8. 8. Critical Success Factors Data ONS data is publically available for 08/09 and 09/10 which shows an indicator represented as deaths at home (defined as home, care homes (NHS and non-NHS), and religious establishments) as a percentage of overall deaths by SHAs, PCTs, areas within PCTs as well as core cities and towns. The highest indicator within England for 08/09 was 56.9% and the lowest 22.9%. For 09/10 the highest was 48.3% and the lowest 21%. Each PCT area has the following range based on publically available ONS Place of Death Indicators released for 2008/09 Q3 to Q2 compared with 2009/10 Q3 to Q2 (Table A1): Table A1 Areas 08/09 09/10 +/- Croydon – London Suburbs 28.9% 34.5% 5.6% Blackpool – Coastal and Country 31.9% 37.4% 5.5% Bath and North East Somerset (BANES) – Prospering UK 44.5% 47.5% 3.0% East Sussex Downs and Weald – Prospering UK 43.4% 45.9% 2.5% Bradford and Airedale – Cities and Services 47.1% 47.3% 0.3% County Durham – Mining and Manufacturing 40.8% 40.9% 0.1% Oxfordshire – Prospering UK (Sobell Hospice is on an acute site and therefore gets included in their data returns) 42.1% 41.9% -0.2% SWPHO has provided additional data for 2010 drawn from the ONS data and from the NHS Information Centre for each of the seven areas (Appendix C of the main report) broken down by: l Number and proportion of deaths broken down by age, gender, deprivation, cause of death and place of death l Number and proportion of residents (it was agreed that the figures should be based on residents within the PCT area) broken down by age, gender and deprivation category l The number of GPs broken down by registered population and number of deaths Comments were received that high levels of deaths at home in rural areas can be due to geography and not necessarily down to good practice. Also increases in deaths outside of hospital may be down to increases in care home deaths and not necessarily deaths at the patient’s own residence. In addition, a view was expressed that there is a shortage of good quality care home beds and hospice beds in some inner cities which results in the acute sector playing a larger role and subsequently often being the preferred place of death. Table B1 and Chart A show the Place of Death based on 2010 data (SWPHO) as a percentage with Nursing Home, Old People’s Homes and Own residence categories grouped. 8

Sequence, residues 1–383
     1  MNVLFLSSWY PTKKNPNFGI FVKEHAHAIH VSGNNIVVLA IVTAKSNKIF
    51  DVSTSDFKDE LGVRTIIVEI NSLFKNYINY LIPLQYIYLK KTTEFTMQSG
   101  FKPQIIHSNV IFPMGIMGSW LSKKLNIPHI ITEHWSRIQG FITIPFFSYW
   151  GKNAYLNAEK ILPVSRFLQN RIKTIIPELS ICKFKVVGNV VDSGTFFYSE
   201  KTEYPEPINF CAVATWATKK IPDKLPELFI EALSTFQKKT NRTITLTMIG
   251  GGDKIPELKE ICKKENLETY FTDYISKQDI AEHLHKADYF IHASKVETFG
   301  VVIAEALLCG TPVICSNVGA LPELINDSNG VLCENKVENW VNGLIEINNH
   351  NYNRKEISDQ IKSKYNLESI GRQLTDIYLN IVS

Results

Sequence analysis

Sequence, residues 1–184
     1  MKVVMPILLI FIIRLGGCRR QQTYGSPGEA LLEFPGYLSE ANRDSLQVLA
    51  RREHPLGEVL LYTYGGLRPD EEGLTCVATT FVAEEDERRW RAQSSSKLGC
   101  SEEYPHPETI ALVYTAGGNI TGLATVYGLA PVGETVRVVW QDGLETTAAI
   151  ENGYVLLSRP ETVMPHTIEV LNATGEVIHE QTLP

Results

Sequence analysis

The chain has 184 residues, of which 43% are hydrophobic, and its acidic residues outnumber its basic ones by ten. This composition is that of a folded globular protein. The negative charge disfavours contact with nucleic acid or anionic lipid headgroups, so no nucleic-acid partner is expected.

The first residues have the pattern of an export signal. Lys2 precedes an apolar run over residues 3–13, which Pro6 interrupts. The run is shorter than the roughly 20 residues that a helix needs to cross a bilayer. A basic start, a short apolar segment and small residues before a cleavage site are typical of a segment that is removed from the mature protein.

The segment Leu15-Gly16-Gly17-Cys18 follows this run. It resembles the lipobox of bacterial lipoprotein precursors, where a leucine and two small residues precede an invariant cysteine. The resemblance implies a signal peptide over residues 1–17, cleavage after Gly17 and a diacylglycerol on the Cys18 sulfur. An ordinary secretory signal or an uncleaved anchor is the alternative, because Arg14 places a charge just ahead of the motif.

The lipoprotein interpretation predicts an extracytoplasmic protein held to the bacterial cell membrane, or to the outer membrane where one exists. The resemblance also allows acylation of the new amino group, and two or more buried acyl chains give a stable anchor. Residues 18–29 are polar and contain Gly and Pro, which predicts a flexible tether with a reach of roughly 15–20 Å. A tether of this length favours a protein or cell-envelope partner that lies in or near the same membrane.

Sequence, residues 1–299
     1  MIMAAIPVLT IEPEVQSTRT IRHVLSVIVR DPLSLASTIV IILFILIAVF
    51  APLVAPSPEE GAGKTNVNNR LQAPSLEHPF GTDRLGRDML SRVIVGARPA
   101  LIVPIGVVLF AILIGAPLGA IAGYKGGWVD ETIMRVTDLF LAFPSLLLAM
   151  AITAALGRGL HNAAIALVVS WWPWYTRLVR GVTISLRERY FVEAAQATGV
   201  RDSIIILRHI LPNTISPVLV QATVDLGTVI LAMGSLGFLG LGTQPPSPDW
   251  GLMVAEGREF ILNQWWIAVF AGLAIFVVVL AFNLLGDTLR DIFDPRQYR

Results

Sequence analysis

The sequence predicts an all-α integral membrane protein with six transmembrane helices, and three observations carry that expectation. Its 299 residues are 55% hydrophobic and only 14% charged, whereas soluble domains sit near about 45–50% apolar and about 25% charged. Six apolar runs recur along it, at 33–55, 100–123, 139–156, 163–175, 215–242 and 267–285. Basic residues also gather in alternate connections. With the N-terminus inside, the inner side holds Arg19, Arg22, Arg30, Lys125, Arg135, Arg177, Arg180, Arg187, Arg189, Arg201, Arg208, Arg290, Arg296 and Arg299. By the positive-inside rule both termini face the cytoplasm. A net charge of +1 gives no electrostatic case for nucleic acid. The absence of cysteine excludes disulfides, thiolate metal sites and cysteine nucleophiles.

9. 9. Critical Success Factors Table B1 ONS Group (e.g. PCT) Elsewhere Hospital Hospice Nursing Home, Old Peoples Home, Own Residence 1.9 56.7 5.1 36.3 2.5 50.1 3.3 44.2 1.8 50.6 5.5 42.0 1.3 55.1 6.7 36.9 London Centre 2.6 56.1 8.9 32.4 London Cosmopolitan 2.5 61.9 6.6 28.9 London Suburbs 1.7 62.8 4.8 30.7 1.9 58.3 5.9 33.9 1.9 57.0 4.6 36.4 2.1 54.8 3.2 39.9 1.9 53.2 5.5 39.3 Bath and North East Somerset 1.9 46.4 2.9 48.8 East Sussex Downs and Weald 2.1 51.2 4.9 41.8 Oxfordshire 1.8 51.4 6.9 39.9 1.9 55.0 5.3 37.7 Cities and Services Bradford and Airedale Coastal and Countryside Blackpool Croydon Mining and Manufacturing County Durham Prospering UK ENGLAND Chart A Elsewhere Hospital ENGLAND Oxfordshire East Sussex Downs... Bath and North East... Prospering UK County Durham Mining and... Croydon London Suburbs London Cosmopolitan London Centre Blackpool Coastal and... Bradford and Airedale Hospice Cities and Services 0.0 7 0.0 6 0.0 5 0.0 4 0.0 3 0.0 2 0.0 1 0.0 Nursing Home, Old People’s Home, Own Residence When the data provided by SWPHO was compared to the four areas with the highest percentage increase there appeared to be little correlation between achieving high levels of deaths outside of the acute sector and the number of GPs, number of deaths, population profile, classification of deprivation or people resident over the age of 65. Section 3 of the main report looks at these elements in detail. It was a very small sample to draw conclusions from and that may account for no clear indicators showing any correlation with percentage rises of people dying outside of acute settings. 9